US vents criticism of Chinese maritime claims

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Thursday, February 6, 2014


WASHINGTON -- The U.S. voiced concern Wednesday that China is gradually asserting control in the disputed South China Sea on the basis of vague territorial claims unsupported by international law.

Sharpening U.S. criticism of the rising Asian power, Daniel Russel, the top U.S. diplomat for East Asia, described in congressional testimony a litany of actions by China that are raising tensions.

Russel said China has restricted access to a contested reef in the South China Sea; taken bids on areas far from its own shores for hydrocarbon exploration; and imposed fishing regulations in disputed waters.

"There is a growing concern that this pattern of behavior in the South China Sea reflects an incremental effort by China to assert control over the area contained in the so-called 'nine-dash line,' despite the objections of its neighbors," Russel said, referring to the map markings used by China to depict its maritime territorial claims.

"Any use of the 'nine-dash line' by China to claim maritime rights not based on claimed land features would be inconsistent with international law," he said, urging China to clarify or adjust its claim.

Using less diplomatic language, Republican Rep. Matt Salmon said China's approach seemed to be, "we're going to see what we can get away with, and if the U.S. has the guts, the cojones, to challenge us." Democratic Rep. Gerry Connolly said from a distance it looks like China is "picking a fight with Vietnam, with the Philippines, with Japan, among others."

China cites a historical basis for its South China Sea claims. According to the U.S. Congressional Research Service, the nine-dash line covers roughly 80 percent of those resource-rich waters, which are dotted with reefs and islands subject to multiple disputes, also involving the Philippines, Vietnam, Malaysia, Brunei and Taiwan.

The U.S. says it takes no position on the competing sovereignty claims, but says it has a national interest in peaceful resolution of the disputes and in freedom of navigation and commerce. Russel said that agreement between China and Southeast Asia's regional bloc on a code of conduct to regulate behavior in the South China Sea is long overdue.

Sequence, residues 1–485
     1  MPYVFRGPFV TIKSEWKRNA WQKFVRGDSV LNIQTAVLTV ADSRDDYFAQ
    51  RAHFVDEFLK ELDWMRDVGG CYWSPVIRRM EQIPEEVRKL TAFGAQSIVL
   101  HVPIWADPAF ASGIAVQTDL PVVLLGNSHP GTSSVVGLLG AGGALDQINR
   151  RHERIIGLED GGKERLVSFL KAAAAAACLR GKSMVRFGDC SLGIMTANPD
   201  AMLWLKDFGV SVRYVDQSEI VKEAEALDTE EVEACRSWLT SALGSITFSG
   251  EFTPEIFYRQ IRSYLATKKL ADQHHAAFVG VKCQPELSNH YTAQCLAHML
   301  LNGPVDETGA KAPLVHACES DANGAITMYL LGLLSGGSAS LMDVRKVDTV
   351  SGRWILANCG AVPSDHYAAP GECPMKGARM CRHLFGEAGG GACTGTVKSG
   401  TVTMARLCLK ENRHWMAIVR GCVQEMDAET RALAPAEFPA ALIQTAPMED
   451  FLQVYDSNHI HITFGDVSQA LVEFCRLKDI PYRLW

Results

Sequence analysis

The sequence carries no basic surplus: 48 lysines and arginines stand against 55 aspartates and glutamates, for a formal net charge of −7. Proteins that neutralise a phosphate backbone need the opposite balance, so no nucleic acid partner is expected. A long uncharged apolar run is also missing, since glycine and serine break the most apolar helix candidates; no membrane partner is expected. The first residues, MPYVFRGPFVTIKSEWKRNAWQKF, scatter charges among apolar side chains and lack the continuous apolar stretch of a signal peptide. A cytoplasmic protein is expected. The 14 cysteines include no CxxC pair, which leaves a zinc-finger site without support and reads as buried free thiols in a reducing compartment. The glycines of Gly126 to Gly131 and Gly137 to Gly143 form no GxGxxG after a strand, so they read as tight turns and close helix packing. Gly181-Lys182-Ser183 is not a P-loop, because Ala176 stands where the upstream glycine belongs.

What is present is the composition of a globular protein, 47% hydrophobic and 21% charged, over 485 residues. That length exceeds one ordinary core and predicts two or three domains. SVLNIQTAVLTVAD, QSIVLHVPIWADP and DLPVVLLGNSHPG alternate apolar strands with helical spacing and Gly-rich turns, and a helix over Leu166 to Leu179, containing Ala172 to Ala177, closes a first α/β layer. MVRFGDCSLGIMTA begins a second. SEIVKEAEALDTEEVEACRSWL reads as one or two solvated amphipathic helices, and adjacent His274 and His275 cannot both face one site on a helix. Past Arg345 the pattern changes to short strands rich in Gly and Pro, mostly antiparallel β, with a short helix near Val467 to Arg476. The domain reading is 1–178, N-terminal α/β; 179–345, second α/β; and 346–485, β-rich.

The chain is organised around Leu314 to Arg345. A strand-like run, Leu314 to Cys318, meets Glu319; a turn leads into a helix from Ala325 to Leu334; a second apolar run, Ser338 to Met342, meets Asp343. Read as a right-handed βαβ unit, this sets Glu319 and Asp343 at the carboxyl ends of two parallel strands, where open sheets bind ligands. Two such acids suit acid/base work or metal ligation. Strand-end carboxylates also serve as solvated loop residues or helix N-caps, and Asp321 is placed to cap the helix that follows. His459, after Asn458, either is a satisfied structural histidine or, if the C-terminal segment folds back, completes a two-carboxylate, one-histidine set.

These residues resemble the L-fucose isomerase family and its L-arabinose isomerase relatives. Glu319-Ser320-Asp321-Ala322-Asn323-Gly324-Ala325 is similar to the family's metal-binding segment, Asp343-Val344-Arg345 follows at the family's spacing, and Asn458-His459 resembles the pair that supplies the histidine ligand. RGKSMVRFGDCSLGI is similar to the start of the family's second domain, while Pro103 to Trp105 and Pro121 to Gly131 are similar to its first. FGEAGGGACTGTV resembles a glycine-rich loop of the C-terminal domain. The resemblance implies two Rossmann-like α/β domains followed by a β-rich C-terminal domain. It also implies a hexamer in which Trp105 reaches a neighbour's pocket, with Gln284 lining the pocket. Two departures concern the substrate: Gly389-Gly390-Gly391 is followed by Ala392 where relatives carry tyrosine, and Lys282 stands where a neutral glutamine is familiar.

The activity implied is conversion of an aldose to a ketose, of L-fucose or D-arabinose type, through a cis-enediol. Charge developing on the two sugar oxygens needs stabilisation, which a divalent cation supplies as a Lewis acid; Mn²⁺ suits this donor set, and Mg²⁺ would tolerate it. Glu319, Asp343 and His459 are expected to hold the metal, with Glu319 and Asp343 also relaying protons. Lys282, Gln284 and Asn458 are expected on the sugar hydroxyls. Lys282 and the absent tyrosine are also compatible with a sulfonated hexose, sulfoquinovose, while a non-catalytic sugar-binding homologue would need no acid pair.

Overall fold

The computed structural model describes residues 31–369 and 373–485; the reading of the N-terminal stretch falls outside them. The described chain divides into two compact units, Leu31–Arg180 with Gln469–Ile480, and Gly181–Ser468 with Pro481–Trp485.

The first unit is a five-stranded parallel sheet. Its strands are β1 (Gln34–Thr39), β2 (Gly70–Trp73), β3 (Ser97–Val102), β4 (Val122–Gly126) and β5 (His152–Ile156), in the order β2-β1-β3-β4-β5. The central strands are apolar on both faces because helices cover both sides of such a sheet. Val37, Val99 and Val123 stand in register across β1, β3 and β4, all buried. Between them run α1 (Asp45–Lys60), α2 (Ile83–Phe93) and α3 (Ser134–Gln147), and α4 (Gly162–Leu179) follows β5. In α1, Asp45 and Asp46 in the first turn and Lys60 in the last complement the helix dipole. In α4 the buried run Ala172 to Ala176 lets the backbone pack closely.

China has been reluctant to discuss territorial disputes with the bloc, although there has been tentative progress on negotiating the code in the past year.

Russel also voiced concern about the "serious downturn" in relations between China and Japan, a close U.S. ally.

He criticized China's "provocative" declaration of an air defense identification zone over the East China Sea and a spike in "risky activity" by China near uninhabited islands controlled by Japan but also claimed by China. He said the U.S. supported Japan's call for diplomacy and crisis management procedures to avoid a dangerous incident.

Japan's foreign minister will meet with Secretary of State John Kerry in Washington on Friday.

Japan's prime minister recently angered China and drew a rare U.S. expression of disapproval for visiting a controversial war shrine in Tokyo.

Some Republicans took issue with the Obama administration at Wednesday's hearing, saying its attempt to refocus U.S. foreign policy toward Asia lacked substance and that it had failed to reassure allies there.

"The Asia-Pacific region is the future. It's the driver of the global economy and will make our break our geopolitical role in the world," said Steve Chabot, Republican chair of the House subcommittee overseeing U.S. policy toward the region. (AP)

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